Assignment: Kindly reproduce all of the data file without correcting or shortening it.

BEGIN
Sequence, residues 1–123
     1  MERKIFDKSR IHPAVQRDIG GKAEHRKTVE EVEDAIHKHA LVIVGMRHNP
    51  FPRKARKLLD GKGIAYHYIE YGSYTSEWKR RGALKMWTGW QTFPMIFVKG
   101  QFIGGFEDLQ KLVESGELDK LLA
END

Sequence, residues 1–123
     1  MERKIFDKSR IHPAVQRDIG GKAEHRKTVE EVEDAIHKHA LVIVGMRHNP
    51  FPRKARKLLD GKGIAYHYIE YGSYTSEWKR RGALKMWTGW QTFPMIFVKG
   101  QFIGGFEDLQ KLVESGELDK LLA